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The two disciples with whom the resurrected Jesus walked to Emmaus and sat at meat, on the afternoon of his resurrection, “…rose up the same hour, and returned to Jerusalem, and found the eleven gathered together, and them that were with them…”“…at evening, being the first day of the week, when the doors were shut where the disciples were assembled for fear of the Jews…” “Saying, The Lord is risen indeed…”
“And as they thus spake, Jesus himself stood in the midst of them, and saith unto them, Peace be unto you. But they were terrified and affrighted, and supposed that they had seen a spirit. And he said unto them, Why are ye troubled? And why do thoughts arise in your hearts? Behold my hands and my feet, that it is I myself: handle me, and see; for a spirit hath not flesh and bones, as ye see me have.”
In order to more fully understand Christ’s resurrected body, we may ponder Luke’s accounts of Christ’s appearances to his disciples following His resurrection. He appeared to the two disciples as they journeyed to Emmaus, we read that after they reached Emmaus: “And it came to pass, as he sat at meat with them, he took bread, and blessed it, and brake, and gave to them. And their eyes were opened, and they knew him; and he vanished out of their sight.”
While Christ “sat at meat” with his two disciples at Emmaus, did he eat the “meat” or did he just watch them eat? We are not told for certain, but we can logically assume that as he “sat at meat” he ate with the disciples. A later encounter that same day, however, leaves no question about Christ’s ability to consume food. On that occasion, Christ specifically demonstrated that He could eat food. After Christ appeared to the apostles, “…he said unto them, Have ye here any meat? And they gave him a piece of a broiled fish, and of an honeycomb. And he took it, and did eat before them.”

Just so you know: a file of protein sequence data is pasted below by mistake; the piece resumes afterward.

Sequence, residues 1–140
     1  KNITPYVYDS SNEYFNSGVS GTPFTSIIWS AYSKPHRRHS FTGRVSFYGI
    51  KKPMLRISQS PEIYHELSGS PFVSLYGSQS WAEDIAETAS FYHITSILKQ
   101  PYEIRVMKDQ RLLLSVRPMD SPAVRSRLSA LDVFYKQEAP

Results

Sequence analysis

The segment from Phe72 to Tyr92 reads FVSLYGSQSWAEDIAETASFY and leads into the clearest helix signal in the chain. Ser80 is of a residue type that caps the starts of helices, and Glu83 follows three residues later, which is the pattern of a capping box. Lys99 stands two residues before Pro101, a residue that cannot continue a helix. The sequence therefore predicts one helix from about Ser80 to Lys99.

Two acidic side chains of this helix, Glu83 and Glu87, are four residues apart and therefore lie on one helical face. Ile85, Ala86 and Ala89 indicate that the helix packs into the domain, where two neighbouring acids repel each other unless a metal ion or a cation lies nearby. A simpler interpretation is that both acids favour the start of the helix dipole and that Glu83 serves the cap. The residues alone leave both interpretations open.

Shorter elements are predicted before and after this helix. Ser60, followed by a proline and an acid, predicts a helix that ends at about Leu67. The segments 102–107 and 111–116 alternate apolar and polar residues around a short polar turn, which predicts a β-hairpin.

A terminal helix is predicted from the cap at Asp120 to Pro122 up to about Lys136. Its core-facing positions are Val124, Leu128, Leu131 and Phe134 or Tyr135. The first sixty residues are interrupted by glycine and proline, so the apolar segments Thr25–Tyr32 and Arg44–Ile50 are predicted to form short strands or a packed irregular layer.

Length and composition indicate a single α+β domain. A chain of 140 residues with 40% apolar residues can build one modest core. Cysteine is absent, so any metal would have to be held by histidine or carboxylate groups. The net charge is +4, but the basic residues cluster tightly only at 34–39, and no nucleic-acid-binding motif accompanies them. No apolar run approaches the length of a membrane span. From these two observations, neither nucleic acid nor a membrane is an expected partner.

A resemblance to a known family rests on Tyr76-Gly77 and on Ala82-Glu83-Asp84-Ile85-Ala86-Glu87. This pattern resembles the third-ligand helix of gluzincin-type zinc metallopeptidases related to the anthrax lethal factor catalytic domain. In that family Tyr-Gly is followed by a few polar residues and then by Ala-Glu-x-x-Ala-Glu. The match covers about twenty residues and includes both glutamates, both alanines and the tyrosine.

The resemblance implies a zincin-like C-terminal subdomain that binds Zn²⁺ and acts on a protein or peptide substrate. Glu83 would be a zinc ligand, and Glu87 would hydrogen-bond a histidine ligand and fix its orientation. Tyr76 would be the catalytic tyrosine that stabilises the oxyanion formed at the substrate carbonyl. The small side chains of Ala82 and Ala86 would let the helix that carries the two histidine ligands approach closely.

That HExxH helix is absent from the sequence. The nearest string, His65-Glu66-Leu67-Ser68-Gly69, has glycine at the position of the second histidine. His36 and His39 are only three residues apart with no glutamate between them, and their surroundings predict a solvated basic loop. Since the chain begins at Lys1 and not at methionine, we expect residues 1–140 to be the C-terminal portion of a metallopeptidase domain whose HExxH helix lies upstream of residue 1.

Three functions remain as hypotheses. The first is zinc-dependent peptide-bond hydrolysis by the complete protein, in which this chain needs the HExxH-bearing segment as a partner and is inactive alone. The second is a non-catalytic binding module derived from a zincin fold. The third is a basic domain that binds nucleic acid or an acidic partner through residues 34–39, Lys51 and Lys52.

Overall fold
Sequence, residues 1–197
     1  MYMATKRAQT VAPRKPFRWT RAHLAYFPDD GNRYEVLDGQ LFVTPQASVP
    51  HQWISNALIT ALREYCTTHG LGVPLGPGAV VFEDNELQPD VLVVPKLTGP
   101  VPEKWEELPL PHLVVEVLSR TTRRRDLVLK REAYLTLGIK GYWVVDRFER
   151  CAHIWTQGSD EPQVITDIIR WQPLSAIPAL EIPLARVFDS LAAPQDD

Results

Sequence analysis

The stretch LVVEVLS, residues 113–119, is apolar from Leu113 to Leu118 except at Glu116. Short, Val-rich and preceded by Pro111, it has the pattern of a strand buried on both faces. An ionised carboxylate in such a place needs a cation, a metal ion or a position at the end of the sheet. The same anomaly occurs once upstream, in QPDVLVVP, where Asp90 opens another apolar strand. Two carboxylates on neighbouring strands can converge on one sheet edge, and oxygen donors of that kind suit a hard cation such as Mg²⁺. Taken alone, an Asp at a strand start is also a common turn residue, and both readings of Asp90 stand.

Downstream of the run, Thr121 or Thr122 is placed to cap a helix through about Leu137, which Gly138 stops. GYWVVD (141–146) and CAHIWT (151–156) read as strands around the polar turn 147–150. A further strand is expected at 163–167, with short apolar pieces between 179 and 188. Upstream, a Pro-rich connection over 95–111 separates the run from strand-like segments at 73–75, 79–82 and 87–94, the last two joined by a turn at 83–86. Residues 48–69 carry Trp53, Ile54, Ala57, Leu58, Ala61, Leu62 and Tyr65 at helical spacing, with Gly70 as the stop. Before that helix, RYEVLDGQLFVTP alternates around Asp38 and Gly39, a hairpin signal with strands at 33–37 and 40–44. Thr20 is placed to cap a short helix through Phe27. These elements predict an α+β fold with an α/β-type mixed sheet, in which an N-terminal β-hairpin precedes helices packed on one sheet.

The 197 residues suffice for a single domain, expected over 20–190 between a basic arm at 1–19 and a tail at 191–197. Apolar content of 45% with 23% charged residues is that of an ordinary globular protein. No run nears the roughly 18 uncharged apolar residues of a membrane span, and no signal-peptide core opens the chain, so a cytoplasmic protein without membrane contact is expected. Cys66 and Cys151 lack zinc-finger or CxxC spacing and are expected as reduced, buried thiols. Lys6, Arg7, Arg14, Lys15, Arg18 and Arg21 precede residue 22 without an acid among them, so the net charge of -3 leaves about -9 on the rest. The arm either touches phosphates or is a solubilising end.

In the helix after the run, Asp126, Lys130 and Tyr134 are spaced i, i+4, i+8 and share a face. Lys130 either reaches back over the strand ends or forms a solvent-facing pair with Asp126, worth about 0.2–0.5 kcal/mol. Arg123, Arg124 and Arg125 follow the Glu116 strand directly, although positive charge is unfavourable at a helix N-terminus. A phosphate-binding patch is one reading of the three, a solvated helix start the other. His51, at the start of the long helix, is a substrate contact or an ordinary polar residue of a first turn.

It appears that Christ ate the fish and honeycomb specifically to prove to the apostles that he could eat – he ate “before them” – as in a demonstration. Was Christ just performing some sort of “trick” to “prove” he could eat – to what purpose? It doesn’t seem reasonable that Christ would just swallow food to prove that he could – without his intending for us to ponder the implications of that event. I believe he consumed food to teach us important, eternal truths about resurrected beings – with huge implications. To me, Christ’s purposeful gastrological demonstration provides critical data to our understanding the resurrection. Those data, apparently, tell us that the resurrected Savior’s digestive tract was intact and functional. The implications of that information could not have been fully understood by any of His disciples or their contemporaries. However, it is very interesting that Luke, the physician, was the only gospel author to include this detail of Christ’s first post-resurrection meeting with the apostles. Nor could the implications have been fully understood by anyone living more than a hundred years or so ago – before the biochemistry of digestion had been worked out.
The Savior told his disciples, “I can of mine own self do nothing…I seek not mine own will, but the will of the Father which hath sent me.” Therefore, it appears that God told Jesus to demonstrate to the apostles that He could eat. It, therefore, appears that it is significant to God to let us know that the risen Christ could eat food. Therefore, his gastrological demonstration must teach us that He, as an immortal, resurrected being with a body of flesh and bones, can consume and digest food. It is obviously important to God that we know this truth about Christ, as He commanded His son, after His resurrection, to eat fish and honeycomb before the disciples – and that this event was recorded in the scriptures.